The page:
The Čaplja service facility is intended for controlling the operation of the ski jumps, changing rooms, ski servicing, storage of equipment and socialising among the athletes. The facility also has a pumping station for an artificial snow system, ski jump irrigation and central control system.

The central cross-country skiing facility with a viewing platform has two functions. During competitions, it offers all the infrastructure for the implementation of competitions at the highest level, and in the remaining time it serves as the central facility, housing all the programmes intended for visitors to Planica outside the events.

The construction was placed such that all the vegetation was preserved or was supplemented with new plantings. The facilities are multi-functional, and their use takes into account the latest standards of environmentally-friendly energy use. In addition, some temporary access routes and the Macesnovec-Drnice forest road were built to provide access to construction sites.

3.5 The role of individual approving bodies and major stakeholders

3.5.1 The municipality of Kranjska Gora

The Municipality of Kranjska Gora was actively involved in the construction of the Nordic Centre from the very beginning. In order to ensure that construction would run smoothly, and above all, in order to be able to obtain all the necessary permits, it was necessary to adopt certain municipal acts and to ensure that specific legislation was adopted. In 2000, the municipality adopted a management plan for the Planica area. It also participated intensively in the adoption of the Planica Nordic Centre Act, which finally removed all administrative obstacles to the construction of the Nordic Centre itself.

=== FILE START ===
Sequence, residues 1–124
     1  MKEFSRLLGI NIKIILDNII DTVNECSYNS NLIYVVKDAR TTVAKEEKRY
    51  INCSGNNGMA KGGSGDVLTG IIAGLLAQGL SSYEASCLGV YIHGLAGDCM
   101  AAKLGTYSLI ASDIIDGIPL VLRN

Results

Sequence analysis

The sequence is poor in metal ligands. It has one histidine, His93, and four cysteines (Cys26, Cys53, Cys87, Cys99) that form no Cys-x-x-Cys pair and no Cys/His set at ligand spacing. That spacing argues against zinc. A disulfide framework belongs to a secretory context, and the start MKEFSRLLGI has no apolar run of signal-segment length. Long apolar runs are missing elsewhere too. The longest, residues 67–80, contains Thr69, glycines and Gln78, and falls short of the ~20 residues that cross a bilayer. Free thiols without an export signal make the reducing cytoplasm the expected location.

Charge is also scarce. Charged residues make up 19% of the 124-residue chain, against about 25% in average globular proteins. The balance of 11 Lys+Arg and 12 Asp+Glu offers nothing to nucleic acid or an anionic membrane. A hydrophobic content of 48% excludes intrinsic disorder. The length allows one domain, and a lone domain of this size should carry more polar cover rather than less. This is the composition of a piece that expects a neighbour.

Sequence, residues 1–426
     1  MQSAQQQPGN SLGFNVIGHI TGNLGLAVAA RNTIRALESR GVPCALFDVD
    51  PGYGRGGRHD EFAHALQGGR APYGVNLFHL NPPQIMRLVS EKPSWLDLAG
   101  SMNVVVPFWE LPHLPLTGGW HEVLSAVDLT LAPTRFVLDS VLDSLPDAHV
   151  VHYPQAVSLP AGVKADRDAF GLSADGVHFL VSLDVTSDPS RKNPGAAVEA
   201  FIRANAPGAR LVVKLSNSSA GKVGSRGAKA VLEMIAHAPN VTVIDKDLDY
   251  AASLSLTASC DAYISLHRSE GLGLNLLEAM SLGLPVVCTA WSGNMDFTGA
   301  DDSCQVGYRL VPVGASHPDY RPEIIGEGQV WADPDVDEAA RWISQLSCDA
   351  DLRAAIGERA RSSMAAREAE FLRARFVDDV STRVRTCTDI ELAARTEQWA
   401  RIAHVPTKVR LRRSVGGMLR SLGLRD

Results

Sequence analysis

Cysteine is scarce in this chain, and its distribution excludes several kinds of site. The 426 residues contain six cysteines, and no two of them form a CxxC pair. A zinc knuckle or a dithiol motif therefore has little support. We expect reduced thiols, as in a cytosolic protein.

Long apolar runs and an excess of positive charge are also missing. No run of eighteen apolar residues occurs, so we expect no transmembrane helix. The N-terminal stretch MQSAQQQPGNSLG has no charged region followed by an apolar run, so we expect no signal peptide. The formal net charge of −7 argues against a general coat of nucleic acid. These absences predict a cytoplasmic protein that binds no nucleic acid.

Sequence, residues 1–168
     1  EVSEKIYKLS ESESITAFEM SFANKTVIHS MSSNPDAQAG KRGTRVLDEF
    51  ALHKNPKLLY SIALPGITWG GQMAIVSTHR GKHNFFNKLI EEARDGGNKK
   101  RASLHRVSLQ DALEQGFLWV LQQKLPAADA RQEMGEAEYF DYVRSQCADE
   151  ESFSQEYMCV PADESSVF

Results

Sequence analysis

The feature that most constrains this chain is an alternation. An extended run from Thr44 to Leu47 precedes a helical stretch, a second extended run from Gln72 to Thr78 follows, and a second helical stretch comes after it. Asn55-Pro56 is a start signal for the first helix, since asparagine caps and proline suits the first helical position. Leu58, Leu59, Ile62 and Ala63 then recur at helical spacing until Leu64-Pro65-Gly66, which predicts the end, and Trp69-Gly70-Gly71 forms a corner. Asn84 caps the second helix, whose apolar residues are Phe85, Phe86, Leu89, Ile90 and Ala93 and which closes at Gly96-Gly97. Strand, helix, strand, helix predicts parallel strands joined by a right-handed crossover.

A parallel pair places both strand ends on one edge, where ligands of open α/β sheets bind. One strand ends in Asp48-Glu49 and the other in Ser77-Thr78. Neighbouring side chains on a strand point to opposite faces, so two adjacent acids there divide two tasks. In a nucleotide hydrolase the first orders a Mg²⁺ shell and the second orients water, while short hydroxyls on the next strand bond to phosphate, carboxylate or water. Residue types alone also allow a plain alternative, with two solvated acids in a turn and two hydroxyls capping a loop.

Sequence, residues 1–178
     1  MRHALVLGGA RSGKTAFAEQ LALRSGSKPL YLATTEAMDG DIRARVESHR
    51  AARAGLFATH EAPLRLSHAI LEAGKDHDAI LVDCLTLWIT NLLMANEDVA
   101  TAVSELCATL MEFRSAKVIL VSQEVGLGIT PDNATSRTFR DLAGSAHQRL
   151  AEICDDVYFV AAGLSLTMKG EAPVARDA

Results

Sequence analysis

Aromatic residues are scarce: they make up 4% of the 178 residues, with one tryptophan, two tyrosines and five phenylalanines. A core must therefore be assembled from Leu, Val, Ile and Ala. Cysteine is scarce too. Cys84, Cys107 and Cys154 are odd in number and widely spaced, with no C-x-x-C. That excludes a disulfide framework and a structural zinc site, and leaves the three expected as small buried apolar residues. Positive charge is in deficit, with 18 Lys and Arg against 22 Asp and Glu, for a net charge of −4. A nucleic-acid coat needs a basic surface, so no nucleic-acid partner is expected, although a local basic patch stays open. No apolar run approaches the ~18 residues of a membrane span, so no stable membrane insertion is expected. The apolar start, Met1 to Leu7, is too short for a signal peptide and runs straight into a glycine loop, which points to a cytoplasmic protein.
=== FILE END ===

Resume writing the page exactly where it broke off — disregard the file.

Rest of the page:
The municipality played a very important role in convincing landowners to sell their land to the state. Setting an example to all, the municipality transferred its land to the state free of charge, thus giving a clear signal to landowners that it supported the construction of the Nordic Centre, and that the construction of the Nordic Centre was a good investment. For this purpose, the municipality organised meetings with landowners, where it also supported the planned project and actively participated in all steps of planning and construction of the centre.

The municipality was clearly aware that such a centre is not only a sport and tourist attraction, but also a great opportunity to promote the place itself, especially in terms of a tourist destination, providing new jobs and earnings for the locals. In addition to tourism and visits to the ski flying competitions, a large part of the earnings is represented by the training of athletes throughout the year. The centre also offers cross-country skiing training in the summer in the covered part of the central building. Thus, according to the centre, 200,000 training units are performed annually, of which 11,000 represent foreigners from 23 countries, which not only means earnings for the Nordic Centre itself, but also earnings for providers of hotel and other tourist services.

3.5.2 Institute of the Republic of Slovenia for nature protection (ZRSVN)

The role of the ZRSVN in the siting of the Nordic Centre was mainly in the formal inclusion of the project in obtaining environmental and nature protection consents with an expert opinion, which were the basis for issuing a building permit.